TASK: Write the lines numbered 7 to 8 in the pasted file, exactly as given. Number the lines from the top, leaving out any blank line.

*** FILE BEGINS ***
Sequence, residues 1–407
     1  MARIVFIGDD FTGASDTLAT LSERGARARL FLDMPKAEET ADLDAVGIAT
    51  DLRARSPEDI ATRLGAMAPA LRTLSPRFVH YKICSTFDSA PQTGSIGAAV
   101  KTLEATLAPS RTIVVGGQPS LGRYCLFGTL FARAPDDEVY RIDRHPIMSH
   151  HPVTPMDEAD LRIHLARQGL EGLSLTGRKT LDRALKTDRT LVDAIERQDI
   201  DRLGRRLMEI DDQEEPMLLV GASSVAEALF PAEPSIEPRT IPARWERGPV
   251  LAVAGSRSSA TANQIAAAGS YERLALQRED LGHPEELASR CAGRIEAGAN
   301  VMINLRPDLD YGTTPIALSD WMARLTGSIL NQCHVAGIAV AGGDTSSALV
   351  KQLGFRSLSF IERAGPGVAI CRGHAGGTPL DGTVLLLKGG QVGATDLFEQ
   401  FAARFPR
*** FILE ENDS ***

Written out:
   251  LAVAGSRSSA TANQIAAAGS YERLALQRED LGHPEELASR CAGRIEAGAN
   301  VMINLRPDLD YGTTPIALSD WMARLTGSIL NQCHVAGIAV AGGDTSSALV